Ontario needs legislation that reflects the many ways that Ontarians build their families. We believe that an intention-based approach should be taken to establishing parentage, regardless of the genetic link, and that provincial legislation should protect the rights and responsibilities of those using third party reproduction services. The Uniform Law Conference of Canada has developed recommendations on these issues (see Appendix D for the full list of recommendations). We endorse their current approach and – assuming that they do not change significantly – we believe that Ontario should review and implement their recommendations once they are finalized.
4.6 When the overdue review of the Assisted Human Reproduction Act is undertaken by the federal government, Ontario should participate actively in this review.
4.7 The Province should join or support any Charter challenge pertaining to the Assisted Human Reproduction Act.
4.8 A provincial regulatory framework for clinics and assisted reproduction services, including third party reproduction, should be developed under the equivalency provisions of the Assisted Human Reproduction Act.
4.9 An altruistic, province-wide donor sperm, egg and embryo bank and surrogate database should be established, operated at the clinic level and regulated by and accountable to the government.
4.10 Ontario should ensure that the guidelines on the safe insemination of women using known and anonymous donor sperm protect the safety of women and children.
4.11 The government should review the process for establishing parentage to accommodate assisted reproduction services wherever possible, and to ensure that no intended parents are discriminated against on the basis of sexual orientation or reproductive needs.
4.12 Once they are finalized, the government should review and implement the Uniform Law Conference of Canada’s recommendations on declaration of parentage.
Should the federal Assisted Human Reproduction Act be struck down, we recommend that Ontario establish a provincial regulatory framework for third party reproduction that facilitates access to services rather than prohibiting them while protecting Ontarians from exploitation.
Currently families are told they must “finish” infertility treatments prior to beginning the adoption process, grieve their losses and prepare themselves for their potential lives as adoptive parents. We understand how important it is for families to be physically and emotionally ready for adoption – particularly after unsuccessful assisted reproduction treatment. However, the current unwritten policy is not based on sound evidence or current social realities.
The current parental training and homestudy processes can help Ontarians identify what is right for them as a family and what might help them be the best parents for children. We believe that with proper support, families can make good decisions about their ability to explore assisted reproduction and adoption at the same time, and that people should not be forced to investigate only one option at a time. See page 78 for our recommendations on this issue.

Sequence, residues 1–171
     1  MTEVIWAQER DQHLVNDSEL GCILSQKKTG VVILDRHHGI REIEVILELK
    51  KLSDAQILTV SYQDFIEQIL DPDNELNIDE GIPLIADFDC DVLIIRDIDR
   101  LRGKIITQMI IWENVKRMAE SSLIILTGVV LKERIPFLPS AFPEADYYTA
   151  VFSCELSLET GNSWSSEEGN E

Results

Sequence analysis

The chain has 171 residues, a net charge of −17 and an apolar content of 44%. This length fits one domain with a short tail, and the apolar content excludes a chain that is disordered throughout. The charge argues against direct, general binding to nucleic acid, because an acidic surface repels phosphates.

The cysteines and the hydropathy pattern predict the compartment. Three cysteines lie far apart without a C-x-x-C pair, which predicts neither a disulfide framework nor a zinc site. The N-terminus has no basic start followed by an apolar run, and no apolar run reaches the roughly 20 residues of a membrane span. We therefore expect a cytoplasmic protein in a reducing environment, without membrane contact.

When Ruth and Emily wanted to start a family, they approached a fertility clinic. The first clinic they went to was not welcoming. All the forms and questions were designed for heterosexual couples. The clinic insisted that Emily go through a full fertility investigation, even though there were no signs that she would have a problem getting pregnant.
For the couple, the main expenses were the cost of purchasing sperm from the United States and the sperm washing. The IUI procedure was covered by OHIP. To help ease the cost, the two women thought about asking a friend to provide sperm. Their first child, Eliza, is now three and Emily is expecting their second child.
In 2006, almost one-quarter of all people in same-sex relationships were 34 years of age or younger.132 People in same-sex relationships who would like to have families through assisted reproduction services are not necessarily struggling with infertility. They need access to egg and sperm donation and do not necessarily need invasive procedures.
People from the Lesbian, Gay, Bisexual, Transgendered and Queer (LBGTQ) communities say that their needs are often not recognized or met. We’ve heard that some providers do not use gender neutral language during assessments, clinic forms assume male/female relationships and non-traditional families are not depicted in the clinic brochures or posters.133It is even more difficult for LGBTQ clients to find health care providers sensitive to their needs outside of Toronto.134
Clinics and providers should strive to be aware of and sensitive to the reproductive needs of all Ontarians. This includes using gender neutral language, providing cues that the clinic is a positive space and allowing women to make choices about procedures that reflect the fact that they’re not infertile.135
We recognize that there are specific barriers to assisted reproduction services experienced by the LGBTQ communities and encourage the government to continue to work with LGBTQ communities and advocacy groups to develop policies that will reduce discriminatory practices and social barriers to assisted reproduction services.